In interviews and in a series of emails, Tibbetts disputed the characterizations painted by current residents of 2400 Mendocino, which has been renamed St. Vincent de Paul Commons.

“We have made every effort to elevate their situation from what it was and uphold our commitment to the existing residents,” Tibbetts wrote to The Press Democrat.

At the time of the purchase, the charity halted — and in some cases reversed — city code enforcement evictions as it worked to repair units to meet basic habitability requirements and lift the red tag designation.

Tibbetts said he personally tracked down tenants and invited them back to keep them off the streets. St. Vincent paid for their hotel rooms until units were repaired. Nunez and Castillo’s family were among them. Since then, the charity has spent considerably on renovations, he said.

Along with the substandard living conditions, tenants in five households complained of a lack of security, unresponsive staff members and even difficulty getting their mail delivered.

Meanwhile, the charity’s ambitious plans have been slow to materialize.

Tibbetts attributes those delays to construction issues during the pandemic, but also to St. Vincent’s desire to do a comprehensive renovation, rather than piecemeal work.

‘They’re not doing anything’

Residents of five of the 10 occupied units at the property told The Press Democrat that conditions have changed little from when it was condemned. They accused the nonprofit of making false promises and being unresponsive to maintenance requests even while charging them rent.

How we reported this story

Press Democrat reporters Ethan Varian and Andrew Graham began looking into operations at the former Gold Coin Motel at 2400 Mendocino Ave. in early December after hearing complaints from tenants who said they were living in substandard conditions.

They visited the site three times to interview tenants and observe conditions. Within days of their last visit to the motel, work crews began arriving on site to fix broken windows and address other issues tenants had identified to The Press Democrat.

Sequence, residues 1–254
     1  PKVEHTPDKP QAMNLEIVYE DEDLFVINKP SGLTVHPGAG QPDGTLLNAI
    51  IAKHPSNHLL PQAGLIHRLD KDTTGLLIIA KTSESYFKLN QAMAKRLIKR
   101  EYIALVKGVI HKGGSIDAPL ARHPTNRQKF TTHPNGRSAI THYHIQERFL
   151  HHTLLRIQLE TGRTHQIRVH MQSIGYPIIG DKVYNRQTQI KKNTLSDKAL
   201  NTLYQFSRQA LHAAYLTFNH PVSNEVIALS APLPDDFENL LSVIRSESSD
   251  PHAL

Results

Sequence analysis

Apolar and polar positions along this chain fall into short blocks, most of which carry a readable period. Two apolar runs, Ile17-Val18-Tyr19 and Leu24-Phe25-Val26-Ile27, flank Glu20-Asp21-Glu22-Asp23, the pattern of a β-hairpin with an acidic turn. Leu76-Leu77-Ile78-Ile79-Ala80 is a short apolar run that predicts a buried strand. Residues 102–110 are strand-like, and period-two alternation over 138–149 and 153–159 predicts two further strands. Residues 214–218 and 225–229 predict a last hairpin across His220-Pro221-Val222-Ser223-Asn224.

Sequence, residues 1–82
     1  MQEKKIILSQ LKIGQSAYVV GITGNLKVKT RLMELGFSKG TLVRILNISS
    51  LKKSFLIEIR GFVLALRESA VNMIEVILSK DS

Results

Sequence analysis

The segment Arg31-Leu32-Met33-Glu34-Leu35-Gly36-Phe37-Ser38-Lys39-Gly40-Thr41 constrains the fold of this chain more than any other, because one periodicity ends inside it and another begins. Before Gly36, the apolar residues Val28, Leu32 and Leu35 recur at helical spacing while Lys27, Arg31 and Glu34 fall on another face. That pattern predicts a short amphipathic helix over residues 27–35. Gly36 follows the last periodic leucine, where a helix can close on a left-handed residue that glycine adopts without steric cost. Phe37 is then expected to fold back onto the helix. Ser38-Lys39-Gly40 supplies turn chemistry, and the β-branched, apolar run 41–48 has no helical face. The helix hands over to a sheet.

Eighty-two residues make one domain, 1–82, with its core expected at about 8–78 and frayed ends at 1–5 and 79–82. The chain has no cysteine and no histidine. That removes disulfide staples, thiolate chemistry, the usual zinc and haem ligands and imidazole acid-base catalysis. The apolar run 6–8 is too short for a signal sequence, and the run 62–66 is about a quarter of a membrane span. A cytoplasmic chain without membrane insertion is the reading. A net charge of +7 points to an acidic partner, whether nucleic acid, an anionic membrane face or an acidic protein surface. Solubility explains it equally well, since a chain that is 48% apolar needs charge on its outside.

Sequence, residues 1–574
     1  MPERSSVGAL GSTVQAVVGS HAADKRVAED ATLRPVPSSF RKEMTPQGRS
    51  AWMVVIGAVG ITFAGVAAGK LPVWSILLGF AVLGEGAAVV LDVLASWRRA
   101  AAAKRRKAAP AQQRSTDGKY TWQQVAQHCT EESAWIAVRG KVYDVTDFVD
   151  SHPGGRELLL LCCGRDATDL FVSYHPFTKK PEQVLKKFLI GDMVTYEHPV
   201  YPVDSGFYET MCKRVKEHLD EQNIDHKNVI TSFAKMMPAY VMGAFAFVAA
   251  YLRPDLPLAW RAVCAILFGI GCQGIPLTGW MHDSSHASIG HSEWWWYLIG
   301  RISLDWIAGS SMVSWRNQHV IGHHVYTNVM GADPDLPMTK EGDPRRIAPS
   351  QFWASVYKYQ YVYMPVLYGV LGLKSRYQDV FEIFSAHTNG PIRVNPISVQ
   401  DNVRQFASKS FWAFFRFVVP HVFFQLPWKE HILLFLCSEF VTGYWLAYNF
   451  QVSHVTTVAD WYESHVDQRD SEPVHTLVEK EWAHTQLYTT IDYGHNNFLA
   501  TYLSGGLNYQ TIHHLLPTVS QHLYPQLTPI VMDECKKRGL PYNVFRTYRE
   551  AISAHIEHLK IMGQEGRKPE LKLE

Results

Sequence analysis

The motel was purchased two years ago by the St. Vincent de Paul charity with the intent of turning it into a full-service residential facility where the unhoused could also receive social services.

In the course of their reporting, Varian and Graham also filed public records requests with the city of Santa Rosa for code enforcement violations and police calls to the address.

Varian and Graham also reviewed city documents leading up to the 2019 purchase of the motel as well as the charity’s IRS Form 990 tax returns, which are public records.

They also interviewed city code enforcement officials, an expert in homelessness and social services, and St. Vincent de Paul executive director Jack Tibbetts, who is a former Santa Rosa City Council member.

“It’s gotten so bad and they’re not doing anything,” said Angelica Farias, a 19-year-old who lives in a studio apartment with her mother and younger sister.

The old Gold Coin Motel purchased by St. Vincent DePaul and former Santa Rosa City Council member Jack Tibbetts in 2019, on Mendocino Avenue in Santa Rosa, Friday, Jan. 21, 2022. (Kent Porter / The Press Democrat)
The old Gold Coin Motel purchased by St. Vincent DePaul and former Santa Rosa City Council member Jack Tibbetts in 2019, on Mendocino Avenue in Santa Rosa, Friday, Jan. 21, 2022. (Kent Porter / The Press Democrat)

St. Vincent officials, including Tibbetts, don’t respond to maintenance requests and ignore their phone calls, she said. The family will go as long as a month without receiving mail because no one is available to distribute it from a locked office, she said. It’s a claim echoed by other residents.

Farias and her family haven’t paid rent in recent months, she said, because of St. Vincent’s lack of involvement with the property. The nonprofit hasn’t reacted to the lack of payment because “they know they’re in the wrong,” she said.